[…] When I saw some of Ms. Bogusława Bortnik-Morajda’s work, my first impulse was to associate it with the paintings of Francis Bacon, i.e. with the trend in modern art that emphasizes gestural expression while subordinating it to Romantic sentiment. It is good that artists today can afford to be so multifaceted – that one artistic option does not prevail, that the pluralism of positions makes art a living, vibrant and dynamic phenomenon. Assuming this is a feature of postmodernism, we should be glad to have lived to see a time that legitimizes diversity, gives a chance to a million shades of sensitivity, as unique as every one of us.
[…] It is banal to praise a painter for her sensitivity to colour – but what other word can be used to describe the basic quality of a person who expresses her arguments and emotions through colours, which are untranslatable into other means of expression. The artist uses a simple material – paint – to represent the perfection available to sophisticated eyes.
My first impressions on seeing her works were of a sophisticated use of colour and humility in the face of reality – fantastic or realistic genre scenes and their actors generate the kind of tensions that result from a play of emotions, retaining an element of mystery that a work of art must have to be worthy of its name.
[…] Bogusława Bortnik-Morajda has a gift – shared by few people – for using sensuous means (since that’s what colour, value, texture and composition are) to capture the atmosphere of daily occurrences which take on the dimension of Eliade’s ‘limit-situations’. This is the magic of art, which can ennoble everyday life, giving it a cosmic dimension.
We are witness to a revolution of the same magnitude as the use of binary arithmetic, which has been known since the dawn of time […]. […] Articles 16 and 17 of the Act on Academic and Artistic Degrees and Titles require that a definite assessment be made whether the submitted post-doctoral project constitutes a significant contribution to the development of a given discipline. This requirement already poses a problem, because it is a universally accepted axiom that there is no progress (i.e. development) in art. While it is true that the technical means at its disposal are increasingly more advanced and the extent and rapidity of its impact grows, the fundamental problems of art have not changed since the time of Altamira and the centuries that preceded it. Today we are faced with the immense opportunity provided by the entry of WOMEN, as equal partners, into the world of art. For thousands of years, the patriarchal social relations prevented them from expressing their vision of the world. Today it is possible, at least in our part of the globe, to learn or experience how artistic relations are seen by the complementary sex. That’s the phrase we should use: not ‘the opposite’ but ‘complementary sex’, because we cannot exist without each other. And it will never be possible to prove that one of the sexes is better, smarter or more talented.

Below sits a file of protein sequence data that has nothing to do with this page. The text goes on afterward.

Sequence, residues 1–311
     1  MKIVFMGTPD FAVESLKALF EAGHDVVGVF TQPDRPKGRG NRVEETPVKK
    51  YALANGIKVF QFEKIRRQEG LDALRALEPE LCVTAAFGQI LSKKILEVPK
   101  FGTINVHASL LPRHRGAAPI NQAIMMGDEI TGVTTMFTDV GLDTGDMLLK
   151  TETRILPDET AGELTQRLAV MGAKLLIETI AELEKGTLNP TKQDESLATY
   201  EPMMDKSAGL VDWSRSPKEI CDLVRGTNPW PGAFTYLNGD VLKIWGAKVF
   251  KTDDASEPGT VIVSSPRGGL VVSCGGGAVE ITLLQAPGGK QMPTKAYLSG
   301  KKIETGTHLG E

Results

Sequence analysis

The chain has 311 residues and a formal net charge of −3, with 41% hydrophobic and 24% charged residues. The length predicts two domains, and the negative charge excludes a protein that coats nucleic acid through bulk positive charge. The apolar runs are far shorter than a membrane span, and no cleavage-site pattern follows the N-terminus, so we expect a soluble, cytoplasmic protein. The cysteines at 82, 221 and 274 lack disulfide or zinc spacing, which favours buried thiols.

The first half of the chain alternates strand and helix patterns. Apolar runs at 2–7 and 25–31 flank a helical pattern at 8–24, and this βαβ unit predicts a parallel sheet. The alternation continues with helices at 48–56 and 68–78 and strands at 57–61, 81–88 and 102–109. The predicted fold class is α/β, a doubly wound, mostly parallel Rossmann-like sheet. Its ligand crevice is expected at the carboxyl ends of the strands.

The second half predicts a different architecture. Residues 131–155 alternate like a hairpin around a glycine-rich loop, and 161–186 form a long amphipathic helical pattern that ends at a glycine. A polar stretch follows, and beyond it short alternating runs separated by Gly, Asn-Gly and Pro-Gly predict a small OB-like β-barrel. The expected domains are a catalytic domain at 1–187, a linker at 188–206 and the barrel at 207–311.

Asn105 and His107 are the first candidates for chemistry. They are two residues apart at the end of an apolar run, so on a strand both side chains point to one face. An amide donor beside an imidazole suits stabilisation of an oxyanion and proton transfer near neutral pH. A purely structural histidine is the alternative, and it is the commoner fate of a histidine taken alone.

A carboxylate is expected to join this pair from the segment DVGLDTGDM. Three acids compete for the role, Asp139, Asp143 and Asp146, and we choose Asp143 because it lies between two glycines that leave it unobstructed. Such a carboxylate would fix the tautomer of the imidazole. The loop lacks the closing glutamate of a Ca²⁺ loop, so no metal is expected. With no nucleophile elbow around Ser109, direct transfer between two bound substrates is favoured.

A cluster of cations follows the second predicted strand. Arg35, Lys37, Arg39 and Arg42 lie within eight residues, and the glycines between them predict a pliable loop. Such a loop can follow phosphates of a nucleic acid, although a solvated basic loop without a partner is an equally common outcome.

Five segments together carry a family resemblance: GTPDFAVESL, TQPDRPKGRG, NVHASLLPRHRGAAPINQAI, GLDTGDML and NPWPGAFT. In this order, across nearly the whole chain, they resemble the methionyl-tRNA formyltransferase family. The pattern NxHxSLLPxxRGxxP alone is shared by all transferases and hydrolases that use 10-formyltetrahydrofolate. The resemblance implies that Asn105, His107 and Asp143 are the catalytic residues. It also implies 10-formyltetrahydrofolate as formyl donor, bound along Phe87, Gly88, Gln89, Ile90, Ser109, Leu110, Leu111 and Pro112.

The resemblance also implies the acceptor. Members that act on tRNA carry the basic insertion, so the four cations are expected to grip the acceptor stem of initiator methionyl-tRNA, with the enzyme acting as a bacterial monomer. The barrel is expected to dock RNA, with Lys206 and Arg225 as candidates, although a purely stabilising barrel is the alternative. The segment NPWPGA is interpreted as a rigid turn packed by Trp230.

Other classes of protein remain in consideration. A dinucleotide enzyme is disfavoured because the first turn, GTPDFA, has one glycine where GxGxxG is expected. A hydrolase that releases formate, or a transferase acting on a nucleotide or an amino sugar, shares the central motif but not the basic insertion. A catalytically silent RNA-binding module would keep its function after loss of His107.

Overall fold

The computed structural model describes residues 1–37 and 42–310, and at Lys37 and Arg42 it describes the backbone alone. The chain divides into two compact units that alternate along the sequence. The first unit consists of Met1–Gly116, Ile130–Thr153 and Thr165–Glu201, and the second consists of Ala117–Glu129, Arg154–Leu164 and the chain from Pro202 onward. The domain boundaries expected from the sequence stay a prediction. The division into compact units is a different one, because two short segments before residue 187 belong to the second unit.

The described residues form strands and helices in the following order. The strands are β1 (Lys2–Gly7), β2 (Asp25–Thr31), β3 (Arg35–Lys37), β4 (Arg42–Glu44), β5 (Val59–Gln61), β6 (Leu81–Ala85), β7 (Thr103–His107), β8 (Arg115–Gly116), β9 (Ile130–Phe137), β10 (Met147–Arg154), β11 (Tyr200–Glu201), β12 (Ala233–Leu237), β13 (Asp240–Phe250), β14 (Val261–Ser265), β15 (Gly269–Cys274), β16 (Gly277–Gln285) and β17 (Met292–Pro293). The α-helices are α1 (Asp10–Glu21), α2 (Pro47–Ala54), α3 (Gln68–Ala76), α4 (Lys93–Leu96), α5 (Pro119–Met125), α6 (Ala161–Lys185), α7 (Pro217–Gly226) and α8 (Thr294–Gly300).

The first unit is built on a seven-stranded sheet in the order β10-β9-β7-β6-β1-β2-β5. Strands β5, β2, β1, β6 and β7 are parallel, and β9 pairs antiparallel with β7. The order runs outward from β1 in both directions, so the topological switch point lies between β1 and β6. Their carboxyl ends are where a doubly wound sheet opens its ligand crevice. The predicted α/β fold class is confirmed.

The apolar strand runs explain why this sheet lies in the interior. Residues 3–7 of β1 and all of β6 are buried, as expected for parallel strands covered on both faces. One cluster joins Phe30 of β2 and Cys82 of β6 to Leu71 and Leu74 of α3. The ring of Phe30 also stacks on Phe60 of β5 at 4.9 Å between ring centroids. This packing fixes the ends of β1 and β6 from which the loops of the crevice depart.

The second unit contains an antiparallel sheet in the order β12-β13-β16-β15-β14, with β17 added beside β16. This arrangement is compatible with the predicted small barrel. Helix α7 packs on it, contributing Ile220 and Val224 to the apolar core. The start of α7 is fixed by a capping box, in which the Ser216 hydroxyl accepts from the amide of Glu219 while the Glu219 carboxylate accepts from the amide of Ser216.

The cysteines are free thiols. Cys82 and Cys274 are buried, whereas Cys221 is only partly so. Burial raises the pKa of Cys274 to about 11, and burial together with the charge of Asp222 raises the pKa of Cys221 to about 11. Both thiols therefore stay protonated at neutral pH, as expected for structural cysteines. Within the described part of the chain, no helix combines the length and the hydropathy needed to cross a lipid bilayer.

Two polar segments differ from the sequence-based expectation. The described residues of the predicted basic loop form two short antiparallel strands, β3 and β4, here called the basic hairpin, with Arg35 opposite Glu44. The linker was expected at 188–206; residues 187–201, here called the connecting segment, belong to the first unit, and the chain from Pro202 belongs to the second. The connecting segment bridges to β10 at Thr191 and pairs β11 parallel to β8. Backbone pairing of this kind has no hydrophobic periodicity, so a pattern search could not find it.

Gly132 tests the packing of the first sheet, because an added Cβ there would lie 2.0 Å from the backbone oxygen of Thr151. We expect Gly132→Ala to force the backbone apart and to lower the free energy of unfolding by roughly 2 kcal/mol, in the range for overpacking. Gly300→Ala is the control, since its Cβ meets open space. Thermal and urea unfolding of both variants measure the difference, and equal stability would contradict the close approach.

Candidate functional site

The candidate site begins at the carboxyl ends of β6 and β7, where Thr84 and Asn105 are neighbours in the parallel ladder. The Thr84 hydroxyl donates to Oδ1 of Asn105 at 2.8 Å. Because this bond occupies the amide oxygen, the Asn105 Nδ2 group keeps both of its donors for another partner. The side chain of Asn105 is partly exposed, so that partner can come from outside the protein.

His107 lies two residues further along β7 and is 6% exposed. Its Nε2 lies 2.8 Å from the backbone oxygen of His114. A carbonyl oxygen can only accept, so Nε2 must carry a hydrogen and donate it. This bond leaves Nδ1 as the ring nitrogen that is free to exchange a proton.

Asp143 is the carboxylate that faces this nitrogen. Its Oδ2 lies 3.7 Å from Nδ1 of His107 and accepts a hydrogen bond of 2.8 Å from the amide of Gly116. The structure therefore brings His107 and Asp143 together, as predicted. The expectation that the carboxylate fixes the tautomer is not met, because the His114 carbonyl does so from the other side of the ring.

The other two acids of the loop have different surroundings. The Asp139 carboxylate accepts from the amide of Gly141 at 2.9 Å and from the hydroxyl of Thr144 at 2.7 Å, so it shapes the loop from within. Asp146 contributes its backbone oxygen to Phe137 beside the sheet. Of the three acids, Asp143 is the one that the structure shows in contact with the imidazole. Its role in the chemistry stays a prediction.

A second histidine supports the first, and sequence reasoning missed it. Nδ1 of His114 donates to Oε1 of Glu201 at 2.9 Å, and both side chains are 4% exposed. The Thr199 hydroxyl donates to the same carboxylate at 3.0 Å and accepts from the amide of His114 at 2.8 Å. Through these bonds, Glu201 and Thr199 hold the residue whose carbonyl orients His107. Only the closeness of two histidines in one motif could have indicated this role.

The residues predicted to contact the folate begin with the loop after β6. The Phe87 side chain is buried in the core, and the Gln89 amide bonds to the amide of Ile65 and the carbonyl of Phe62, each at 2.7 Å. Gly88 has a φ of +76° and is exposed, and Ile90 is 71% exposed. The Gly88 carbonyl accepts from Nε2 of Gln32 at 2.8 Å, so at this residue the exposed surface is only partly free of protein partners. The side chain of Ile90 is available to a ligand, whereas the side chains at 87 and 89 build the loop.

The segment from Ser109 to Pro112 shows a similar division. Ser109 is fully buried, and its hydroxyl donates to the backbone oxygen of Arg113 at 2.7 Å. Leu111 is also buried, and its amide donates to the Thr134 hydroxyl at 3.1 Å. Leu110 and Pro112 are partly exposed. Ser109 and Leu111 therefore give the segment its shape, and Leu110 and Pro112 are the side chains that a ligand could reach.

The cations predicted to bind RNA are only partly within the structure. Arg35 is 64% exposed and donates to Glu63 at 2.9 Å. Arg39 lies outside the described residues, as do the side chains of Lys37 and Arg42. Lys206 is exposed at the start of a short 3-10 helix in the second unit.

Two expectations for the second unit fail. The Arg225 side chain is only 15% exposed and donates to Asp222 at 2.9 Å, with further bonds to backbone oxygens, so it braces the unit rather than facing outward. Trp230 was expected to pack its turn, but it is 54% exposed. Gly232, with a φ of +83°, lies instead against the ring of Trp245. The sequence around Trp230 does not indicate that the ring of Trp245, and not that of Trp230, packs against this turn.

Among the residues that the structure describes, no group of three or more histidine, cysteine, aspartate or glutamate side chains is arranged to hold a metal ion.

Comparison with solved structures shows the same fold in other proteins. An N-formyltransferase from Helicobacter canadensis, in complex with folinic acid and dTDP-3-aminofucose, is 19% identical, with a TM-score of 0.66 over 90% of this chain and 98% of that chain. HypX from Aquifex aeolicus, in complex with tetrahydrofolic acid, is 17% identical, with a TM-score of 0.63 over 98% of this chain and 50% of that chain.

Eighteen large paintings were created as eighteen ways of examining the relationship between two people, notwithstanding that some of them feature several figures or (seemingly) just one figure. The role of the subject is always played by a woman. Although the feminine point of view draws from cultural monuments produced by men – as with the paintings A.B. and C.D. which everyone says are derived from Bacon – it offers an opportunity to examine the same problem in a different way. Since nobody denies the differences between the complementary partners, including in terms of emotions, logical priorities which encompass all compositional problems, and sensitivity to colour.
The artist is notable for her mastery of Expressionist technique, which is usually employed by men – the case of Käthe Kollwitz was an exception dictated by her political involvement. Ms. Bortnik-Morajda seems to treat the encounter with Expressionism as an adventure, as a manifestation of women’s natural predilection for discourse, also in the field of art.
She uses beautiful colour harmonies to build the third dimension of interiors; small sharp pure patches of colour are cleverly deployed to enliven perfectly arranged compositions, expressing her technical mastery and clearly defined artistic goals.
The language of her paintings shows many similarities with the language of mathematics, which seems to be the highest compliment. Mathematics is the only ideal achievable on earth, and a dispassionate analysis of the best works of art evokes analogies with equations containing many variables which must always balance out. This applies to all modes of artistic activity, although the parallelism is most easily identifiable in the visual arts.
Her latest painting, Małżeństwo – M.G. (Marriage – M.G.; 2007) seems to herald a new chapter in the artist’s work. The change indicates that she is not going to limit herself to using familiar methods, that she has a genuine artistic temperament that drives her to explore unknown territories. The artist’s technical skill allows her to scrutinize the recesses of her soul, which is why we can expect many beautiful things from her.